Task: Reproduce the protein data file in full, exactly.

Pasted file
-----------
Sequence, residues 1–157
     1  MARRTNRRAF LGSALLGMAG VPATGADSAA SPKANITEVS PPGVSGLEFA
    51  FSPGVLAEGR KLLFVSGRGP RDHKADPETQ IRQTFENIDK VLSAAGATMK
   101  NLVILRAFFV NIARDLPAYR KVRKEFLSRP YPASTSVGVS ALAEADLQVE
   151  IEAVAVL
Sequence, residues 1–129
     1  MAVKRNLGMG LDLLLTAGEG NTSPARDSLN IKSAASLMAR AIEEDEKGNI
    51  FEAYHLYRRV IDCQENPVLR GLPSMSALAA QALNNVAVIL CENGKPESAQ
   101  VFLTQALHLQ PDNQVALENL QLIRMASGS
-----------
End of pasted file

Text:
Sequence, residues 1–157
     1  MARRTNRRAF LGSALLGMAG VPATGADSAA SPKANITEVS PPGVSGLEFA
    51  FSPGVLAEGR KLLFVSGRGP RDHKADPETQ IRQTFENIDK VLSAAGATMK
   101  NLVILRAFFV NIARDLPAYR KVRKEFLSRP YPASTSVGVS ALAEADLQVE
   151  IEAVAVL
Sequence, residues 1–129
     1  MAVKRNLGMG LDLLLTAGEG NTSPARDSLN IKSAASLMAR AIEEDEKGNI
    51  FEAYHLYRRV IDCQENPVLR GLPSMSALAA QALNNVAVIL CENGKPESAQ
   101  VFLTQALHLQ PDNQVALENL QLIRMASGS